No 😊 – In a recent NZ study, 42% of young people who regularly watch porn wanted to watch less but found it hard not to(27). A Swedish study with young people showed similar results(28). Habits are super easy to fall into and harder to get out of – check out this video that shows how easily habits can start.
So, if you’re feeling like you want to cut down on porn, but can’t, you’re not alone! Here’s the d-low on why this might be happening…
When we’re watching porn and being turned on, it feels good (duh) so it’s normal to want to go back for more, especially when we feel low.
The more we use porn to destress, it tells our bodies that porn can help us, and we can end up creating a pattern where using porn becomes a regular comfort or way to de-stress. So, it makes sense if you find yourself struggling to stop watching porn 😕 – it can happen without even realising.
Changing up porn habits is a process. Success is about taking one step at a time – like choosing to go for a run or call a mate when you feel stressed and want to jump into some porn.
It’s about putting one foot in front of the other, taking it day by day, and being brave.
“It’s hard to admit you have a porn problem or to even say that it’s involved in your life… Admitting is the first step, so I think finding a way to be able to talk about it normally or subtly is a goal worth achieving.”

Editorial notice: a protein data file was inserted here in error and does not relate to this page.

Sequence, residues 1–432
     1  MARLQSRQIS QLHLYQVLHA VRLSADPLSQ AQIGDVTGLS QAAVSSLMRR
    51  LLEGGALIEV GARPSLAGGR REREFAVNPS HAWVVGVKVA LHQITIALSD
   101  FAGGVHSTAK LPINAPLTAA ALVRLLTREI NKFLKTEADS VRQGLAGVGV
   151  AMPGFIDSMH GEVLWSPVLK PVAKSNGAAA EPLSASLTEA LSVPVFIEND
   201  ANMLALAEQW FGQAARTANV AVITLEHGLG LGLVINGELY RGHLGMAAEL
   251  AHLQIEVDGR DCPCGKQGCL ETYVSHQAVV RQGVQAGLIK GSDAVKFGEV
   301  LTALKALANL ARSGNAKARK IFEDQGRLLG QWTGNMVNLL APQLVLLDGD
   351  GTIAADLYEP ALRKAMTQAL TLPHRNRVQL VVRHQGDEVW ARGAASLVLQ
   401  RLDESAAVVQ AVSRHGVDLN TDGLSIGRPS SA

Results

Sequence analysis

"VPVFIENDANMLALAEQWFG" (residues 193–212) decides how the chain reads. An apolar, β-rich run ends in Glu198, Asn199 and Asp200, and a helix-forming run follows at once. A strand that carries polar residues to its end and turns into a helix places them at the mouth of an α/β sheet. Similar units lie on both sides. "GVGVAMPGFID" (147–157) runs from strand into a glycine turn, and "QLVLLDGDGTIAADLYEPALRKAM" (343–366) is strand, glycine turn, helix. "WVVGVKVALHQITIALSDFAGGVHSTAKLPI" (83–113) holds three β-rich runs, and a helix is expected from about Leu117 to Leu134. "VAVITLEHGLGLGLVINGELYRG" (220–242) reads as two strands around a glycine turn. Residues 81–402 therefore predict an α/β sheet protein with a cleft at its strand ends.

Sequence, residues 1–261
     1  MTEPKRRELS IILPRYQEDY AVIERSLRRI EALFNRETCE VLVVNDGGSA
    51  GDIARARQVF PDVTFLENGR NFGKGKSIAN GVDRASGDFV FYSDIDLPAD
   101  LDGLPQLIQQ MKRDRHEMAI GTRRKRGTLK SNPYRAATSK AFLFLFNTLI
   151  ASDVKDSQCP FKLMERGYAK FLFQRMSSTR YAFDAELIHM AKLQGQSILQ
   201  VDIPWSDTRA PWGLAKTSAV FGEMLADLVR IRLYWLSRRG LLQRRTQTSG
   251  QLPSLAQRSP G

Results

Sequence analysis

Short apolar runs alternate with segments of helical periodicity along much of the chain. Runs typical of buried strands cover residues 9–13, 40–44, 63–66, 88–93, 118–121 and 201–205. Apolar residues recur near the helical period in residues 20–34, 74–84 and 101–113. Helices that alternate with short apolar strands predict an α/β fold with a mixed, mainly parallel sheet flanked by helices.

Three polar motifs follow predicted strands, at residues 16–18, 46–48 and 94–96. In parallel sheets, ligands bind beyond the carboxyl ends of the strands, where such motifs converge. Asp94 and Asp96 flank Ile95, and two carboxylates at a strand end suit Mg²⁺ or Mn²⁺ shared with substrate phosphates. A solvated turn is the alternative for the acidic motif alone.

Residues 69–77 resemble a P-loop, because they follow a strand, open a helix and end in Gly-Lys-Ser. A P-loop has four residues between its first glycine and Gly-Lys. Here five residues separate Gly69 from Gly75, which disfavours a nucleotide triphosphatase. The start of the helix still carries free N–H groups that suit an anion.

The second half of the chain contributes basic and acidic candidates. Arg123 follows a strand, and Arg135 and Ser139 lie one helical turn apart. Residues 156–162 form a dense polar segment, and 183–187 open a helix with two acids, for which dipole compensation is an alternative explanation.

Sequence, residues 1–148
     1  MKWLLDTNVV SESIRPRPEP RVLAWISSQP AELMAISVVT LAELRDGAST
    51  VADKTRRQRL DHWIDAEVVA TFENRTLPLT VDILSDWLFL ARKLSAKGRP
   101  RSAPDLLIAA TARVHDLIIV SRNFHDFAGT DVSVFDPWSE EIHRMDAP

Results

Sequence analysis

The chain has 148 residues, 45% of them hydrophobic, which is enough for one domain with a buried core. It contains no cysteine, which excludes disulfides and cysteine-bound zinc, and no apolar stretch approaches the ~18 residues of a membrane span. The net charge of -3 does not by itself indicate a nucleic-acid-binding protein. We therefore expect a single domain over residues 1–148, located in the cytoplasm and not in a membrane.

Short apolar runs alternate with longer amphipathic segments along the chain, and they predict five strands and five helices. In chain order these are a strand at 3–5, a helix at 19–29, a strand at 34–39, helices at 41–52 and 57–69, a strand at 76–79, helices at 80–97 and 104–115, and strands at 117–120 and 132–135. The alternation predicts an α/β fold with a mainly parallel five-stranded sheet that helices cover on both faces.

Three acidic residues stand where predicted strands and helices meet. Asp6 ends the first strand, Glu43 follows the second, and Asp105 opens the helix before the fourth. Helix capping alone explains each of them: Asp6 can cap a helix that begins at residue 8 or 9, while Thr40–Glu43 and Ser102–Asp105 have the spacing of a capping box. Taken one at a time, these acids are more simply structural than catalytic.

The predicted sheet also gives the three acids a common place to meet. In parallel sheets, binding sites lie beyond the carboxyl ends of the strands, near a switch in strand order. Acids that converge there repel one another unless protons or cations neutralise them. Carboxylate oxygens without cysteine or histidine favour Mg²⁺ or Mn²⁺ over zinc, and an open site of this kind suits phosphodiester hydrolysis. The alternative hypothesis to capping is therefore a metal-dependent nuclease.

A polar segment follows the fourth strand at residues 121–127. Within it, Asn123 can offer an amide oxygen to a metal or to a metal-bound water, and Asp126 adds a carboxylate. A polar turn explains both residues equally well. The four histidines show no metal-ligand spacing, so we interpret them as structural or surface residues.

Anon youth, TLP Survey 2020
Porn,your brain and your sex life
It’s not new that sex and watching porn can cause our brains to fire out hormones causing a ‘rush’. For some young people, they want to keep going back for the ‘rush’ – but can then struggle to stop. For others, with time, the rush can take longer and longer to happen, so they start needing more extreme types of porn to get turned on.
This can also impact real life sex, because some young people’s brains are so used to being turned on with porn, it can become harder (lol) to get turned on in real-life sex.
The flow – what’s happening?
Scientists talk about ‘flow’ – when you’re so into what you’re doing, you lose track of time and nothing else matters… like when you game or surf and just wanna go on forever. This can happen while watching porn – especially when the flow ends in a great rush.
If we’re in the flow our brains are in the perfect zone for learning and developing new habits. This makes it super easy for us to develop patterns around our porn usage or sexual desires and expectations, without even realising it.
Culture, faith and shame
People from cultures or faiths where porn is a no-no can often experience more shame and guilt about their porn use than other young people, regardless of how much porn they watch.
They are also less likely to talk or reach out to people for help because of the shame surrounding porn. If this is you, it’s hard to go it alone – so find someone safe who can support you – like an older sibling, cousin or school counsellor.
Safe to Talk
If you’ve been affected by sexual harm or are worried about your own behaviour, Safe to Talk provide great 24/7 confidential non-judgmental support and advice with trained counsellors.
Suicide crisis helpline
Free 24/7 suicide crisis helpline with a specialist. If you need urgent help ring 111 and tell them your life is in danger.
Freephone: 0508 TAUTOKO
It’s totally okay to struggle – it’s not okay to struggle alone